However, the journey to a truly successful life-work balance is still a widespread challenge in the modern workforce. Many employees work long hours and enjoy little time separated from their work-connected devices. According to a study by totallymoney, the average UK worker put in 10.1 hours of overtime per week, 59% of which is unpaid. In total, 61% of people feel they have a poor work-life balance.
An inability to successfully combine work with other responsibilities and needs is likely to negatively impact personal health. For example, if you’re worried about work at home, this may impact your sleep. Poor sleeping patterns (and general sleep deprivation) are linked to mental health problems like anxiety and depression.
There is also strong research to suggest that regularly working long working hours (55 hours or more per week) can also increase the risk of suffering a stroke, demonstrating the physical toll of prolonged workplace pressure.
As remote and flexible work is normalised, the current workforce is pushing for a more inclusive life-work balance. Employers that are able to provide more inclusive and value-based benefits packages are primed to take advantage of this trend and attract the best global talent to their team. Across Europe, many workers have experienced a strong and widespread change to increased hybrid and flexible working situations, the tentative introduction of four-day working weeks and even legislation to “disconnect” from work and protect workers’ personal lives.
But is each country’s legislation going far enough to protect workers’ life-work balance?
The UK for example, ranked in position 27 of the top 30 countries, seemingly has room to grow and develop a stronger employee life-work balance. Holiday allowance is the ideal example of an area where the UK falls behind with the second-lowest annual leave allowance of the top 30 countries at 28 days per annum. This legislation is a contributing factor to the UK’s lower life-work balance ranking. After all, London (UK) was named one of the World’s top 20 cities experiencing burnout and was the only European city to feature in the list.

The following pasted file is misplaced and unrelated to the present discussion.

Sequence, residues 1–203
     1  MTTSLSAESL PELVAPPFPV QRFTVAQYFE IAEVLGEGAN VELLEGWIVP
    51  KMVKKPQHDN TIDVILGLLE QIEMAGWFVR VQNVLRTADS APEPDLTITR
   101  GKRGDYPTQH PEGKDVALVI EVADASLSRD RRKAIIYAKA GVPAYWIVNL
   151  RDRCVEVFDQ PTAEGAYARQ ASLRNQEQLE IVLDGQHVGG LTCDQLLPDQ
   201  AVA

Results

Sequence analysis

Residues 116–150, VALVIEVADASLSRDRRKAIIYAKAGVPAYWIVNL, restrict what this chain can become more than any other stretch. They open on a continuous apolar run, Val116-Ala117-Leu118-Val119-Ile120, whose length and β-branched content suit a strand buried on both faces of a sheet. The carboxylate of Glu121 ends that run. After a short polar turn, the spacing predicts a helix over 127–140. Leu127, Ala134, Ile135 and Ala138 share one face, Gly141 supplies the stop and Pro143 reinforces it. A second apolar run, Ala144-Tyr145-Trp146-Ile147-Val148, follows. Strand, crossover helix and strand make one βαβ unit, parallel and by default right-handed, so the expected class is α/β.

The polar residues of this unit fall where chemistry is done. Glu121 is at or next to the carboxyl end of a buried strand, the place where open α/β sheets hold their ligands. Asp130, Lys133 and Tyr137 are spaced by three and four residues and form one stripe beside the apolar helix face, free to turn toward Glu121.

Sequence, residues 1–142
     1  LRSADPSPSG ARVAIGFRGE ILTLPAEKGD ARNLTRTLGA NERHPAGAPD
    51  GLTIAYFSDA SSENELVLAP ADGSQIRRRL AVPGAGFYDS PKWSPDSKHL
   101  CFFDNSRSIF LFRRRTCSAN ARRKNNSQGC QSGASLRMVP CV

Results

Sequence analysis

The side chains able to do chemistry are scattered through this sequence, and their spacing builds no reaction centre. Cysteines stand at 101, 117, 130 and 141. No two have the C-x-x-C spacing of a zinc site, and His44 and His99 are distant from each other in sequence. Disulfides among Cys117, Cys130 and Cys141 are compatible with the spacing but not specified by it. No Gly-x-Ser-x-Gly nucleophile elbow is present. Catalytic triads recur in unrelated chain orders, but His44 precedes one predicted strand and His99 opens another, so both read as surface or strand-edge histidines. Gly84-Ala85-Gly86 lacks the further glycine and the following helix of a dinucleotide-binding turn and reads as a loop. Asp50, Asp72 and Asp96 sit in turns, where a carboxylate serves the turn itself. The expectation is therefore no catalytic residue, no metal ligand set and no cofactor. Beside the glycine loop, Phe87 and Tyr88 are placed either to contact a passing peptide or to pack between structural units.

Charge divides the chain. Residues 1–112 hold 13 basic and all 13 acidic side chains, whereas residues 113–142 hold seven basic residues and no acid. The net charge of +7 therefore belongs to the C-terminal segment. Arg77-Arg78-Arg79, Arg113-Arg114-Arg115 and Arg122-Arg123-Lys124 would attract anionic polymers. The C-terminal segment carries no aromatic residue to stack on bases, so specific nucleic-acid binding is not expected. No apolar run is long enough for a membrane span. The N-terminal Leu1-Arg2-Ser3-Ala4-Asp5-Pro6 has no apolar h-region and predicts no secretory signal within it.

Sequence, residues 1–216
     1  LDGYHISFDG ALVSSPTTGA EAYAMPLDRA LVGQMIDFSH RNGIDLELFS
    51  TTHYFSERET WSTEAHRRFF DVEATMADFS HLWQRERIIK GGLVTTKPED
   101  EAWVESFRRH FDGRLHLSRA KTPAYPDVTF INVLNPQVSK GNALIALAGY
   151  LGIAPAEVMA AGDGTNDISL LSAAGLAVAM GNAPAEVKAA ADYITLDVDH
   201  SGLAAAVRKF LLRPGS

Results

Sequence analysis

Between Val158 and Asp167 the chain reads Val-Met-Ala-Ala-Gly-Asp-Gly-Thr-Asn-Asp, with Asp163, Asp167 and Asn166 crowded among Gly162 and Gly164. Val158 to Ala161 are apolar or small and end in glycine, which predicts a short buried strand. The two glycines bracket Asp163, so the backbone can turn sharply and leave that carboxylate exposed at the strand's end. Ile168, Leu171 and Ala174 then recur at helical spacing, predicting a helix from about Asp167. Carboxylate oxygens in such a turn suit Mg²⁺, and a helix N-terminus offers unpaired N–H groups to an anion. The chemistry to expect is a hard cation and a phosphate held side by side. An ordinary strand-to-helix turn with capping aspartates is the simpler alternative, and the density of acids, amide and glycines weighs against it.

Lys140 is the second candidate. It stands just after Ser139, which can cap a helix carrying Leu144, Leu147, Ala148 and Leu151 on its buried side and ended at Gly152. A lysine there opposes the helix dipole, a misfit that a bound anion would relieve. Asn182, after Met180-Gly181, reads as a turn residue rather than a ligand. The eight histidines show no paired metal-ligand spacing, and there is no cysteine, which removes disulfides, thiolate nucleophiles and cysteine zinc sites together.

By analysing the life-work balance offered to workers across Europe, Remote hopes to inspire countries and companies to reconsider their benefits packages as a total rewards program that looks far beyond compensation and statutory minimums. Employers trying to attract and retain quality talent should consider the lifestyle they are offering for their workers. Any nation or business that can improve the life-work balance of their team members can expect significant increases in morale, productivity, and staff retention rates.
Commenting on the research, Job van der Voort, CEO of Remote stated: “It’s interesting to see central European and Nordic countries featuring heavily in the top 10 destinations for life-work balance, as it’s likely that their statutory benefits are strongly linked to their wider cultural values of support, quality family connections and avoiding working overtime. It’s great to see this shining through the legislation and employee benefits. So, if you’re inspired to relocate to improve your life-work balance, then why not take the plunge?
“Working abroad or for a global company is not just a dream: this opportunity allows you to establish a harmonious life-work balance in a bucket list location and fresh environment all while allowing the individual to experience a strong global working connection.”